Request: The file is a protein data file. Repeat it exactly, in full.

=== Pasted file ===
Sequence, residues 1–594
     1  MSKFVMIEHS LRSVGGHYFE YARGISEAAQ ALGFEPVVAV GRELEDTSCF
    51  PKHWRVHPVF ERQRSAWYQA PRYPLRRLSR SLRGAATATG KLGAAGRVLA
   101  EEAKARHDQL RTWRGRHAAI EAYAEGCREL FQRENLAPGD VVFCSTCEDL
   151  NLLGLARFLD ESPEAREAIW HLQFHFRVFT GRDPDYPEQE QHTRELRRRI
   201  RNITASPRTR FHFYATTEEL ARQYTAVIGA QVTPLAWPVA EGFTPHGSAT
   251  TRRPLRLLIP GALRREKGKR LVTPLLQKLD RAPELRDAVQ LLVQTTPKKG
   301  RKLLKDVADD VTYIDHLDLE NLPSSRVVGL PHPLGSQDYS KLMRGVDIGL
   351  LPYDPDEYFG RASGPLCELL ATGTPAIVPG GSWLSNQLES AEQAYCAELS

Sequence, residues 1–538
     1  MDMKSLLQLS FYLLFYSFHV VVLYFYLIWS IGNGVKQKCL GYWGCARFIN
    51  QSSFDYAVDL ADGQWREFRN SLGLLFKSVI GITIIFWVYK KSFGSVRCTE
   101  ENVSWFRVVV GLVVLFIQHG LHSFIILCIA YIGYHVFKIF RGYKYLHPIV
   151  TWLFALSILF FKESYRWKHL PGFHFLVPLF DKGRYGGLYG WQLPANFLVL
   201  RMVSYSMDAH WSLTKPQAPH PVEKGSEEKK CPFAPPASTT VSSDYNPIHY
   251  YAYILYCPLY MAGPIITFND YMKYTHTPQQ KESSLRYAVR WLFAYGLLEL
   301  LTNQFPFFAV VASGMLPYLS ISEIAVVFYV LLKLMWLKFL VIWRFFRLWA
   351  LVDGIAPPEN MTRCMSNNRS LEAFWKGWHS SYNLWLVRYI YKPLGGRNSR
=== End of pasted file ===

Sequence, residues 1–594
     1  MSKFVMIEHS LRSVGGHYFE YARGISEAAQ ALGFEPVVAV GRELEDTSCF
    51  PKHWRVHPVF ERQRSAWYQA PRYPLRRLSR SLRGAATATG KLGAAGRVLA
   101  EEAKARHDQL RTWRGRHAAI EAYAEGCREL FQRENLAPGD VVFCSTCEDL
   151  NLLGLARFLD ESPEAREAIW HLQFHFRVFT GRDPDYPEQE QHTRELRRRI
   201  RNITASPRTR FHFYATTEEL ARQYTAVIGA QVTPLAWPVA EGFTPHGSAT
   251  TRRPLRLLIP GALRREKGKR LVTPLLQKLD RAPELRDAVQ LLVQTTPKKG
   301  RKLLKDVADD VTYIDHLDLE NLPSSRVVGL PHPLGSQDYS KLMRGVDIGL
   351  LPYDPDEYFG RASGPLCELL ATGTPAIVPG GSWLSNQLES AEQAYCAELS

Sequence, residues 1–538
     1  MDMKSLLQLS FYLLFYSFHV VVLYFYLIWS IGNGVKQKCL GYWGCARFIN
    51  QSSFDYAVDL ADGQWREFRN SLGLLFKSVI GITIIFWVYK KSFGSVRCTE
   101  ENVSWFRVVV GLVVLFIQHG LHSFIILCIA YIGYHVFKIF RGYKYLHPIV
   151  TWLFALSILF FKESYRWKHL PGFHFLVPLF DKGRYGGLYG WQLPANFLVL
   201  RMVSYSMDAH WSLTKPQAPH PVEKGSEEKK CPFAPPASTT VSSDYNPIHY
   251  YAYILYCPLY MAGPIITFND YMKYTHTPQQ KESSLRYAVR WLFAYGLLEL
   301  LTNQFPFFAV VASGMLPYLS ISEIAVVFYV LLKLMWLKFL VIWRFFRLWA
   351  LVDGIAPPEN MTRCMSNNRS LEAFWKGWHS SYNLWLVRYI YKPLGGRNSR